Born in Fort Knox, Kentucky in 1965, Jon Bennett has been a stalwart of IMSA sports car racing. In 2010 he founded CORE Autosport, based out of Rock Hill, South Carolina. The team went on to achieve championship success in the Prototype Challenge, GTLM and LMP3 classes, as well as race wins in the top-level Prototype category.

CORE Autosport won the IMSA Lites Championship in their debut season, but Bennett wanted more. The team made the step up to competing in Prototype Challenge in 2011 and won five consecutive Teams’ Championships between 2011 and 2015, with Bennett and his co-driver, Colin Braun, winning the Drivers’ Championship in 2014 and 2015. Despite this dominant success, CORE Racing set their sights even higher and entered the Prototype class for the 2018 IMSA SportsCar Championship. Two wins and four podiums in the second half of the season put them three points off both the Drivers’ and Teams’ Championships.

In 2014, CORE Autosport partnered with Porsche, with factory-backing for two 911 RSRs in the GTLM category. After seven seasons, starting with a win in the maiden outing at the 24 Hours of Daytona, the partnership ended with a victory at the 12 Hours of Sebring in 2020. In the debut season, Porsche took the manufacturers’ title. The 2015 season brought the drivers’, manufacturers’ and the teams’ titles, with four wins and six podiums. The 2019 campaign resulted in another clean sweep of titles and a five-race win streak — a first in the GTLM category – with the Porsche 911 RSR-19.

Timo Bernhard
Timo Bernhard (left) and Romain Dumas celebrate a Porsche RS Spyder victory

Timo Bernhard

In May 1999, Timo Bernhard began his Porsche journey as a Porsche Junior, the start of a long and illustrious career in which he won championships at every level of sports car racing on the Porsche Motorsport Pyramid. He won the Porsche Carrera Cup Germany in 2001, the 2004 GT title in the American Le Mans Series, the 2007 and 2008 LMP2 ALMS Championship, and the World Endurance Drivers’ Championship in 2015 and 2017. He also posted wins at all the major endurance races: five-time winner at the 24 Hours of Nürburgring, three-time winner at the 24 Hours of Le Mans, two-time winner of the 12 Hours of Sebring and two-time winner of the 24 Hours of Daytona.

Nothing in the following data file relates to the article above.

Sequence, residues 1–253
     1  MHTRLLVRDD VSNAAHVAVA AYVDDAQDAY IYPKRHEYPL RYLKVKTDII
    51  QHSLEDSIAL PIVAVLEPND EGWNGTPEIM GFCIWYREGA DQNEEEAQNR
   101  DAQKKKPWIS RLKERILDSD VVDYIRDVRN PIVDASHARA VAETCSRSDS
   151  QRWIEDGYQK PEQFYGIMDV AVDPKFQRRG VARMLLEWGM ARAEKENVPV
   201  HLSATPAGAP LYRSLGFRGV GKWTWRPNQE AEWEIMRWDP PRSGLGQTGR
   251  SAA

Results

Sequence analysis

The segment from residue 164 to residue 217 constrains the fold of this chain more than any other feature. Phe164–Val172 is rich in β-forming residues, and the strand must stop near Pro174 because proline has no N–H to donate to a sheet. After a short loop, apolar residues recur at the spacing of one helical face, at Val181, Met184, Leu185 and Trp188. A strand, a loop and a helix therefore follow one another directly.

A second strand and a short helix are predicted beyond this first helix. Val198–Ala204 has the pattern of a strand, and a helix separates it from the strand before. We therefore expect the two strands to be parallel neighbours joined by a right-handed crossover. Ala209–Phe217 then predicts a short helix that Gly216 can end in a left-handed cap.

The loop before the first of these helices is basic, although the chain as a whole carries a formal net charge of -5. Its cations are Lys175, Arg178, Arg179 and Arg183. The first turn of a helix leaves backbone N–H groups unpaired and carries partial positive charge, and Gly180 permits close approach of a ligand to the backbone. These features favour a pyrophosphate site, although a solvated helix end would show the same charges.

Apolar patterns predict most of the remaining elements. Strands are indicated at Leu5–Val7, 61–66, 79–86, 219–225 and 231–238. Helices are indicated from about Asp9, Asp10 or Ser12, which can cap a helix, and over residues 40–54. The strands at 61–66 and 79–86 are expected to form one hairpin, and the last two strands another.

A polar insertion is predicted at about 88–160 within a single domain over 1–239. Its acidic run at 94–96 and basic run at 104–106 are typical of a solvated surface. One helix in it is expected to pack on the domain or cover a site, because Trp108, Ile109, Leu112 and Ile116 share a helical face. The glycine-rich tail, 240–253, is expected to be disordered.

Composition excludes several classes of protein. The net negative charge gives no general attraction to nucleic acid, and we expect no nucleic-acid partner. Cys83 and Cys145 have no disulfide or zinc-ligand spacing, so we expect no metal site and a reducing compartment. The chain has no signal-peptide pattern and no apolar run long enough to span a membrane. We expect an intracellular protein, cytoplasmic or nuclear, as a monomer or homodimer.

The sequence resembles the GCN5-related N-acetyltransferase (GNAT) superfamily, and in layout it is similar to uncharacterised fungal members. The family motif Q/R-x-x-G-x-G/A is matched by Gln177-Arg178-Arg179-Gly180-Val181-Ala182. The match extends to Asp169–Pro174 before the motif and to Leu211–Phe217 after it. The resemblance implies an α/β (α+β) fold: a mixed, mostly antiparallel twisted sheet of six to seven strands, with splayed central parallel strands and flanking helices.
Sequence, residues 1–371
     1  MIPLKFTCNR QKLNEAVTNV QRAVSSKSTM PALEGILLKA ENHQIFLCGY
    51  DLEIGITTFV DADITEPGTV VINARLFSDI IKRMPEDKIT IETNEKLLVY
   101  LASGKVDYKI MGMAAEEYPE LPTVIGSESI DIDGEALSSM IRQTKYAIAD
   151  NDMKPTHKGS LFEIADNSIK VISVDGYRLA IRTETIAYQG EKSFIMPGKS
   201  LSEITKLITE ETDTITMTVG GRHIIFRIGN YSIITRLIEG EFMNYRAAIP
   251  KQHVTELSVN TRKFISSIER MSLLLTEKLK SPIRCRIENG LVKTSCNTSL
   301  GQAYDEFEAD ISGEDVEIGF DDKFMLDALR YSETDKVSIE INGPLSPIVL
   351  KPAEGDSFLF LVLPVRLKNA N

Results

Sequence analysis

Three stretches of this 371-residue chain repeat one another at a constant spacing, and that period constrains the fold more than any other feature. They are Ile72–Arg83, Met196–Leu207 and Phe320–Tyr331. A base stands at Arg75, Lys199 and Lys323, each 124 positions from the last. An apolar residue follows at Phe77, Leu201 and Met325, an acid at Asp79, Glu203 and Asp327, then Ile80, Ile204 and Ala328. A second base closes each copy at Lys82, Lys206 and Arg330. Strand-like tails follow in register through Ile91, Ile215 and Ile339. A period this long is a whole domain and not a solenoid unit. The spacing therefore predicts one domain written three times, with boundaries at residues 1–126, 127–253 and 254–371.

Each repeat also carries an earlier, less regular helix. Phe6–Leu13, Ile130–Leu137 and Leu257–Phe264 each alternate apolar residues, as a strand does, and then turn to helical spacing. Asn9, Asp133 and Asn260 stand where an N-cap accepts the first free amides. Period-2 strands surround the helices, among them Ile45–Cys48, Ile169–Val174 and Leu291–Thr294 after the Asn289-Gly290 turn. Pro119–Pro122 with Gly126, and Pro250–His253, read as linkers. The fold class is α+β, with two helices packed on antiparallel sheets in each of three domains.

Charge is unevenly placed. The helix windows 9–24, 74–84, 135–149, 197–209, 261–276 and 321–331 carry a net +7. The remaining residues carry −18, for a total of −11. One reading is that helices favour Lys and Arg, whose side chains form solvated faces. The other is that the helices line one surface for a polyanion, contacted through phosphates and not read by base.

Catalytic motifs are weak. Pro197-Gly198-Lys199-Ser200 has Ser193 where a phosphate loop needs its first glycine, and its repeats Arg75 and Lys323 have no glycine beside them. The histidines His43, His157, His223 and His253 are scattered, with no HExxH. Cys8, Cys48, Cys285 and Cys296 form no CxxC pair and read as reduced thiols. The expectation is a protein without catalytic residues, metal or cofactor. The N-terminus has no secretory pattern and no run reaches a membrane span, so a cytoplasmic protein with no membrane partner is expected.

Bernhard played a significant role in the testing and development of the Porsche 919 Hybrid – a car which brought three overall Le Mans Victories for Porsche, as well as three Constructors’ and three Drivers’ titles in the World Endurance Championship. In 2018, he gave the car a fitting farewell as part of the 919 Tribute Tour, setting a Nürburgring Nordschleife lap record of 5 minutes 19.546 seconds in the 919 Hybrid Evo.

Following the end of the Porsche LMP1 program in 2017, Bernhard began to split his time between commitments as a Porsche works driver and managing his own race team, KÜS Team75 Bernhard. His team continues his strong link with Porsche, and even provided the first ever DTM (Deutsche Tourenwagen Masters) win for the brand. In 2019, Timo Bernhard was inducted into the FIA Hall of Fame.

Bernhard 2002 Supercup Imola No. 20 911 Cup
Timo Bernhard drives the No. 20 Porsche 911 at the 2002 Supercup Imola.
Theirry Boutsen

Thierry Boutsen

Popular Belgian Thierry Boutsen made a name for himself in Formula One but became a hero in sports car racing. 15 wins in 18 races secured Boutsen the 1978 Benelux Formula Ford Championship but, more effectively carried him into European Formula Three for the 1979 and 1980 seasons, where he narrowly missed out on the 1980 championship title. He started the 1983 season in sports car racing, winning the opening race of the World Endurance Championship at Monza in a Porsche 956. He added wins piloting a Porsche 962 in the 1985 24 Hours of Daytona and the 1986 1000km of Spa to his growing resume.

Racing in F1 from 1983, he spent four seasons with the Arrows team, achieving seven points-scoring finishes—including second place at the 1985 San Marino Grand Prix. Boutsen moved to Benetton for 1987 and 1988 and took fourth place in the 1988 Drivers’ Championship. He then spent two years with Williams and won three grands prix. Two seasons with Ligier and a season with Jordan brought Boutsen’s time in open-wheel racing to a close, choosing to leave F1 to focus on sports car racing.

Boutsen made 10 starts at the 24 Hours of Le Mans, five of them behind the wheel of a Porsche. Between 1993 and 1996, he secured four consecutive podium finishes at Le Mans – including a class win in the Porsche 911 GT1 in 1996. Further victories, at the 4 Hours of Brands Hatch and the 4 Hours of Spa-Francorchamps, followed the same year. Boutsen spent another three seasons racing Porsche sports cars, a period which included winning the 1998 24 Hours of Zolder in a 911 RSR, before retiring from racing in 1999.

Theirry Boutsen drives the No. 38 Porsche 911 GT1 in 1998.